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Summer is my least favorite season in Japan. Stepping outside, the heat and humidity hits with startling force: the hot air weighs heavy on my limbs, enveloping me in a stifling and unwelcome embrace. The thought of spending the height of summer in Tokyo fills me with existential dread.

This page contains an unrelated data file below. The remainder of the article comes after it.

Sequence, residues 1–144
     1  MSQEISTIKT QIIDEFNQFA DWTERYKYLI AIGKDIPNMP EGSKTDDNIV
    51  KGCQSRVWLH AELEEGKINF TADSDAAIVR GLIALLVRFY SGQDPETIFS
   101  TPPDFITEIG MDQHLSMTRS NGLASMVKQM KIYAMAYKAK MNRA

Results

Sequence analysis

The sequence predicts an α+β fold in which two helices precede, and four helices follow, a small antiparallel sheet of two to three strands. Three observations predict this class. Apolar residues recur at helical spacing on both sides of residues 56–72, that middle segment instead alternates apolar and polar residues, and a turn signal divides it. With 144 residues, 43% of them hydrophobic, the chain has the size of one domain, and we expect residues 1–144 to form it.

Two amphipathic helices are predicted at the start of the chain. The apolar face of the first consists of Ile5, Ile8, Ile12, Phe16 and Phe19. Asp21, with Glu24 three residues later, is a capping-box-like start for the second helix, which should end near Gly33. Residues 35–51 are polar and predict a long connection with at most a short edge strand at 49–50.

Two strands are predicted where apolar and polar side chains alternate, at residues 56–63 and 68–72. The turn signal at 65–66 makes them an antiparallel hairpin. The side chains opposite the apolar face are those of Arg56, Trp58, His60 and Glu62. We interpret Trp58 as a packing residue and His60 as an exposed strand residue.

The season’s one saving grace? Natsuzake (summer sake). Like a lot of craft beer breweries, many sake producers create drinks designed for summer sipping. Regular sake is graded on the amount the fermented rice has been polished — the more polished, the cleaner and more refined — but there is no legal or technical definition for varieties of natsuzake. While styles vary according to the brewery, most versions of it tend to be light, clean and refreshing. The original sake brewers were farmers who made sake during the agricultural off-season. They were the type of workers who understood the life-affirming pleasures afforded by a cool, crisp drink after a day of toil beneath the unrelenting Japanese sun. Today’s natsuzake is created with precisely this image in mind.

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